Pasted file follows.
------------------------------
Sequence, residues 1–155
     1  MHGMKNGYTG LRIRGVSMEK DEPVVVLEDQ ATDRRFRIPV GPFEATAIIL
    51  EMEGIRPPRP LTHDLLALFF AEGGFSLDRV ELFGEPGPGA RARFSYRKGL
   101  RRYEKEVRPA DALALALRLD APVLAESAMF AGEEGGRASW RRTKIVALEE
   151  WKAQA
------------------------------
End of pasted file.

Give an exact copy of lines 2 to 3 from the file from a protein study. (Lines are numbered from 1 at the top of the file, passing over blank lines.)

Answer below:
     1  MHGMKNGYTG LRIRGVSMEK DEPVVVLEDQ ATDRRFRIPV GPFEATAIIL
    51  EMEGIRPPRP LTHDLLALFF AEGGFSLDRV ELFGEPGPGA RARFSYRKGL